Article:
I have seen these on my hands recently and I am wondering what they are. Urban Setting. South Central Pennsylvania.

Tiny bug walking on thumbnail 8x Zoom with cell phone camera

  • $\begingroup$ Please comment about whether you have any animals (especially birds) living in or around your home. Thanks. $\endgroup$ Commented Jul 2, 2019 at 20:14
  • $\begingroup$ Related: Tiny white very hard cell bug! Please help to identify! $\endgroup$ Commented Jul 2, 2019 at 21:38
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    $\begingroup$ @Erik K Looks like maybe you have two accounts..You can merge them together if you'd like. See here for instructions. Let me know if you have any issues $\endgroup$ Commented Jul 3, 2019 at 5:28

2 Answers 2


This appears to be a bird mite (or possibly rat mite) in the genus Ornithonyssus of the parasitic family Macronyssidae.

enter image description here

Credit: user Aewills on bugguide.com


From Central Exterminating Co.:

The mites are distinguished from most other common, structural species by the very long legs and very long mouthparts. These long, pointed chelicerae and palps stick well out in front of the head region. The 8 legs are very long and well separated, allowing for good mobility by these mites. The body is oval, with the thorax and abdomen combined to a single segment without separation. The color is light grayish in unfed mites to reddish orange in mites recently having had a blood meal. The fowl mites often seem to have a patchy, mottled appearance of dark areas.

Distinguishing between species is difficult.

  • As for knowing the specific species, citybugs.tamu.edu suggests:

    Distinguishing between different species of Ornithonyssus mites to determine whether birds or rodents are the likely source is difficult and requires special expertise.

Blaine Mathison mentions the following features useful for identifying these mites to lower taxonomic levels under magnification [source: bugguide.com]:

  • chelicerae shape
  • dorsal plate breadth and degree of dorsal coverage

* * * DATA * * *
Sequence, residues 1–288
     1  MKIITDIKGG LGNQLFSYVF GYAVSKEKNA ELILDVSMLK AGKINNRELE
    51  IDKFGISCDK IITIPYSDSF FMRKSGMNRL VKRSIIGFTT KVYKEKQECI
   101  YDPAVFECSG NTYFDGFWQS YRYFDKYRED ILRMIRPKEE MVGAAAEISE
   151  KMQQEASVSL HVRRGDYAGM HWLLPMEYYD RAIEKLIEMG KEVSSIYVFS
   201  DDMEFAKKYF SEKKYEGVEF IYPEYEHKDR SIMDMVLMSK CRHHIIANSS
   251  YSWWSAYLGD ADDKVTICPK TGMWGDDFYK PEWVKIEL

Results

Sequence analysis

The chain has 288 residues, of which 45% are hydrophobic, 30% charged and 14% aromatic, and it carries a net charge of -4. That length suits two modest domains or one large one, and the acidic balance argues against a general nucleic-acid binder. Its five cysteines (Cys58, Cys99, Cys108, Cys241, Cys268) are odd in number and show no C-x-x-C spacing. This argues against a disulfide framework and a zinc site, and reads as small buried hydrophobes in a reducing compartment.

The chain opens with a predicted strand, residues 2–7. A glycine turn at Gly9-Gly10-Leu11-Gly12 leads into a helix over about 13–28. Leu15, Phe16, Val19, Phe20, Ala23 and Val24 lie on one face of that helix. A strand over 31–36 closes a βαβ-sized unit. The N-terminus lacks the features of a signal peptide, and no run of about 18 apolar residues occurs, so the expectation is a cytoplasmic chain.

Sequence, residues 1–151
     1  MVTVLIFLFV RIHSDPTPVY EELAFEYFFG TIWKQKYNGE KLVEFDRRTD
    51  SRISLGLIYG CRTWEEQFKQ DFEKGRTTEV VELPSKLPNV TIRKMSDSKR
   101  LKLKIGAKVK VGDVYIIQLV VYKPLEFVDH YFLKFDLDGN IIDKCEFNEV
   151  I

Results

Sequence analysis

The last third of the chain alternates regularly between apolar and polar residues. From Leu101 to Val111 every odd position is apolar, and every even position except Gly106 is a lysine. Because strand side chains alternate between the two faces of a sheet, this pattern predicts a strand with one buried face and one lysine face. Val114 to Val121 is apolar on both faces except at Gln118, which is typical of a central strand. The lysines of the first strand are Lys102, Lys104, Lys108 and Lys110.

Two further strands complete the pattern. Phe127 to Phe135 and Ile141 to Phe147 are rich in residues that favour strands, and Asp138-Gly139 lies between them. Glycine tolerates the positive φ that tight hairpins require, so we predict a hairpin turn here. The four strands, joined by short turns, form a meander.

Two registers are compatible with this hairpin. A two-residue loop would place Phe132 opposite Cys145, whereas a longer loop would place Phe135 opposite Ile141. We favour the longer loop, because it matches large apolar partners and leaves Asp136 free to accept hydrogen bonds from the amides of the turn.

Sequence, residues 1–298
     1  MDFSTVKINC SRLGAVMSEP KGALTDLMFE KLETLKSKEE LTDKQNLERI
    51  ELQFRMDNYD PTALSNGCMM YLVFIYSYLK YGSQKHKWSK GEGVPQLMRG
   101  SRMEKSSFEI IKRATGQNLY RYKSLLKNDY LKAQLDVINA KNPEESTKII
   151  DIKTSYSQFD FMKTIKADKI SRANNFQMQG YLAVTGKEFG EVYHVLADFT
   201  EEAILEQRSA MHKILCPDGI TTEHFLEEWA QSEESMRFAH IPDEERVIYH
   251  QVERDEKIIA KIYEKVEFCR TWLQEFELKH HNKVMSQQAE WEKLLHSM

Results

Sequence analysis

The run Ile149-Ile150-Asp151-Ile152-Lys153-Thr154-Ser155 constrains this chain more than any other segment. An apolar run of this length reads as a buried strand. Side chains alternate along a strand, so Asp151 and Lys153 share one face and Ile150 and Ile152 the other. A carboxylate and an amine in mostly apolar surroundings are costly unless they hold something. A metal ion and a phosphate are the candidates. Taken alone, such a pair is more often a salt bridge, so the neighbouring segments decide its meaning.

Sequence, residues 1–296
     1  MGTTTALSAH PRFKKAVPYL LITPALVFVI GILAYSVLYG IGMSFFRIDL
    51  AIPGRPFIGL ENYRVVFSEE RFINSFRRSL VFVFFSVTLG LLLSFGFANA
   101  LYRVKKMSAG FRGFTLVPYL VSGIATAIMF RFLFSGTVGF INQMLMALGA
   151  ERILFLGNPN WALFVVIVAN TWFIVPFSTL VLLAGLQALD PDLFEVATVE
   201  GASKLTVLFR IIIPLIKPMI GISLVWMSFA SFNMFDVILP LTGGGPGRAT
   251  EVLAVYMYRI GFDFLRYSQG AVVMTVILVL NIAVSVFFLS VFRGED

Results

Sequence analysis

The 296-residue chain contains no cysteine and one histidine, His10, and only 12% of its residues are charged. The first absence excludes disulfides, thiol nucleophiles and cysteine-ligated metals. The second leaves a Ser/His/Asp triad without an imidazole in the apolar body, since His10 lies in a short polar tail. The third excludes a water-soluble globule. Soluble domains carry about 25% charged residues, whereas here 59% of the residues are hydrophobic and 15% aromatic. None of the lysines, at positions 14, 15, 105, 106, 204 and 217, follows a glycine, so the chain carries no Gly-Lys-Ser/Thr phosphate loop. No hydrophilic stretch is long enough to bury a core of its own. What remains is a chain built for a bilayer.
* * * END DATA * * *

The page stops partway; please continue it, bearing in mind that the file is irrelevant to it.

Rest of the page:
• spiracle present between legs
  • genitoventral plate width
  • sternal plate shape and presence of setae

(see the linked post for pictures and more detail).

You can see videos of these mites crawling on people here and here.

Regarding their affects on humans:

From Penn State Extension:

Bird mites have piercing mouthparts that enable them to take blood meals from their bird hosts. Although the mites will inadvertently bite people, they cannot reproduce without their bird hosts...

As the mites search for an alternative host, they will crawl onto the skin and conduct an exploratory bite to test the appropriateness of the host. The mite will move on, possibly trying the host again, but will not feed. These bites are felt as a “prick” and a resultant rash and itching, sometimes intense, will occur. Some individuals are apparently capable of sensing the crawling of the mites on the skin. The irritation produced by the bite is enhanced by the injection of the mite’s saliva that can cause a localized histamine response.


Remove birds (and especially nests) from on or near the building. Check for any holes in your building that could be large enough to allow birds inside. Again, these mites need birds to reproduce, so if you eliminate the birds eventually these will disappear. See PSU Extension and Central Extirminating Co. for more suggestions.


Congratulations, you have baby cockroaches! I have lived with many. Their shape and coloring changes with age. Your organism walks too fast and is too big to be a parasitic mite. So this is good news.

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    $\begingroup$ You are more likely to get a positive response to your answer if you explain why your identification is correct. Specifically, please edit your answer to add discussion of key features that led you to this conclusion and supporting references or at least validated images. Without this your answer is indistinguishable from opinion. In particular you are disagreeing with someone with a well-established reputation for excellent answers — they could be wrong, but you really need to demonstrate that rather than making unsupported assertions. $\endgroup$
    – tyersome
    Commented Oct 11, 2020 at 18:44

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